Volunteers and those with an interest in history gathered as the ribbon was cut on the Eden Killer Whale Museum's (EKWM) extension providing additional space over two levels for new galleries, a new viewing deck and a lift for greater accessiblity.
EKWM president Jack Dickenson said the museum had been over at the Eden site for more than 80 years but it was in 2015 that the committee started to consider major renovations.
"In 2015 the cruise ships started to arrive and people expected to go floor to floor with ease," Mr Dickenson said.
The committee looked at retrofitting the building but it couldn't be done and more space was needed. The EKWM committed $650,000 of its own funds and received federal government funding of $640,000.
Mayor Russell Fitzpatrick said there were roadworks going on around the building at the same time as the extension works but the result was "a great outcome for the Bega Valley".
"This is the most visited place in the shire and it comes back to the volunteers. This is something the whole Bega Valley should be proud of," Cr Fitzpatrick said.
Even while the official ceremony took place a steady stream of visitors could be seen in the galleries above.
Greg Lissaman is the museum adviser to the shire and is working with museums and geneology societies to help improve the visitor experience. He will be holding focus groups to discuss the concepts for Eden killer whale stories.
Mr Lissaman said they would be looking to provide "an enduring comtemporary cultural persective", one that paid much greater respect respect to Aboriginal culture. In looking at how the EKWM might present its stories in the future he had widely visited other museums that talked about whales.
"But here you are the story, this is your story," Mr Lissaman said.
EKWM board member Robert Whiter paid tribute to Mr Dickenson and also to John Moffatt of Pambula.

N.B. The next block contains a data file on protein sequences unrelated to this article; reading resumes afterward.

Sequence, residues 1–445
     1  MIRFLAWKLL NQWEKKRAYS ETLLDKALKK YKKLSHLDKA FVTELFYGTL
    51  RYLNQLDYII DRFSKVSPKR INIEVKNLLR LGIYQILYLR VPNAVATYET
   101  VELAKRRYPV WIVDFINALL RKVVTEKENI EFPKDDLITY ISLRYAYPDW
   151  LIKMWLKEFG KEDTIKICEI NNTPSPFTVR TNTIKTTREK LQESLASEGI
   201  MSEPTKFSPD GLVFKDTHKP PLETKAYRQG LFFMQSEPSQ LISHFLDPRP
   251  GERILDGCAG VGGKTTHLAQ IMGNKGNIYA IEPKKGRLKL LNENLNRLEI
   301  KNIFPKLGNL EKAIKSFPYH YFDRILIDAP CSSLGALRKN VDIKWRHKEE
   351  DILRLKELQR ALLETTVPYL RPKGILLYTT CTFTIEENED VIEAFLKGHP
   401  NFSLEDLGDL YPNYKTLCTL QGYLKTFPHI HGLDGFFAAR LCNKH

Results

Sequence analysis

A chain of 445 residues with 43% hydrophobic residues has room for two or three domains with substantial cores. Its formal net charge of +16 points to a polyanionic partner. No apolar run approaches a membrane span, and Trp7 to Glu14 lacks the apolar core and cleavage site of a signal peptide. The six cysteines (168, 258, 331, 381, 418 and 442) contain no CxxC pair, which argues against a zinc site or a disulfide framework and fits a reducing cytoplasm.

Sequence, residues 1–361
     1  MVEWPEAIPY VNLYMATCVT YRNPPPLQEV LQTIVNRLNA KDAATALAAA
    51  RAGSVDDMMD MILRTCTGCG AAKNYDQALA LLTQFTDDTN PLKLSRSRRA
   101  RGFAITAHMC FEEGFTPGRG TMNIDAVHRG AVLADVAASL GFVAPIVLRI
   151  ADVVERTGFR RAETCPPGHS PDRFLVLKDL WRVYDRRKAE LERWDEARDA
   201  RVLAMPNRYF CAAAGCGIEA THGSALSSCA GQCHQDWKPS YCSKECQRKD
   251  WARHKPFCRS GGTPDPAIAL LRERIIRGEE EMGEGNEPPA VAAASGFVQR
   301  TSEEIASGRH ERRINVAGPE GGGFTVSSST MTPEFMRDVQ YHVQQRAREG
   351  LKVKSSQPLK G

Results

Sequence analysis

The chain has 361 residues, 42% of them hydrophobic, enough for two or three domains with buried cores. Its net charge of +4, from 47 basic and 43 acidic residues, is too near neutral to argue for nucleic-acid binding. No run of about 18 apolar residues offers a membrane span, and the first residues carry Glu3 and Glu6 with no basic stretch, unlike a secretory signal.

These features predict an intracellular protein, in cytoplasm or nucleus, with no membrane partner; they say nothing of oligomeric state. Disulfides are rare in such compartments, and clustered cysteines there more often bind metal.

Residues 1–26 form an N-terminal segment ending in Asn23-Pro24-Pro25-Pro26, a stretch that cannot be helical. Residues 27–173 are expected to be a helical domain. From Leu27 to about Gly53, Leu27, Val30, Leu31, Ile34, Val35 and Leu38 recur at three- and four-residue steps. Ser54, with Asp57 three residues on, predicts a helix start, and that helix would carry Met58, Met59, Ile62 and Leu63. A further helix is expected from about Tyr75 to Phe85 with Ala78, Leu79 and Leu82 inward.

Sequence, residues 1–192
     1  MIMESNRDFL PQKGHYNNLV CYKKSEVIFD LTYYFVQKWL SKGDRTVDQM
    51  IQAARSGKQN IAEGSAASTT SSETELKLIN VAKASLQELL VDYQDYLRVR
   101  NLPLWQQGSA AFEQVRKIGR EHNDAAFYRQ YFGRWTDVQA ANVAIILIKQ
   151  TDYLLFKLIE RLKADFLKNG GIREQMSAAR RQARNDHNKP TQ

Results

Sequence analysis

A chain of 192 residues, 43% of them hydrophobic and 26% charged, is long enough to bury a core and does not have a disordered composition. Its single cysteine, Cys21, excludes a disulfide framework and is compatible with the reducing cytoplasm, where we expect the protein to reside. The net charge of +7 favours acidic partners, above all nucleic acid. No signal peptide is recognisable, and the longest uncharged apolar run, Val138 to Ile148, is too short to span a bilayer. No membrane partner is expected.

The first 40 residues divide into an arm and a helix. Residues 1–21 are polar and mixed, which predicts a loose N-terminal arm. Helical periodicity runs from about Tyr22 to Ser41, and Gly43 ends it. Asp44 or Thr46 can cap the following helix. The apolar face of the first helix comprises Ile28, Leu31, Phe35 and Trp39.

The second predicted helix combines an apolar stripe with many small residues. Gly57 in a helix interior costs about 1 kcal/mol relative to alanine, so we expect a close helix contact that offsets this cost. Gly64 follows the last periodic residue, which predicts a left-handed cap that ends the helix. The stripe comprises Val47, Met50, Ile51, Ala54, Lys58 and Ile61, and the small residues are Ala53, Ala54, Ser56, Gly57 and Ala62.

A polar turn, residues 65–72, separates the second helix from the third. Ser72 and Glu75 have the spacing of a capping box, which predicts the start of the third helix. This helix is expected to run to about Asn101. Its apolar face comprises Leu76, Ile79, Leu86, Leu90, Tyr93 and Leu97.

"He is an outstanding contributor to the museum as an engineer. It's through his skill that the concrete beams above you are holding up the ceiling in this room," Mr Whiter said of Mr Moffatt who offered to be the clerk of works for the project.
Mr Whiter said the shaft for the new lift had cost $50,000 while the lift itself had cost $100,000 with the lift machinery coming from France
Before cutting the ribbon on the new space member for Eden-Monaro Kristy McBain acknowledged Uncle Ossie Cruse who gave the Welcome to Country and reminded everyone of Uncle Ossie's leading role in the Uluru Statement from the Heart.
Ms McBain also thanked the board, employees and volunteers of the EKWM for "making it the most visited place in the shire".
More than 55,000 people are expected to visit the facility each year and many will come from the expanding cruise ship market.
"It will also help boost visitor numbers for the Sapphire Coast, providing greater economic benefits to the region's economy by increasing museum admissions and retail sales within the local Eden community," Ms McBain said.
The audience was also treated to music from Steve Mahony and Peter Skelton.
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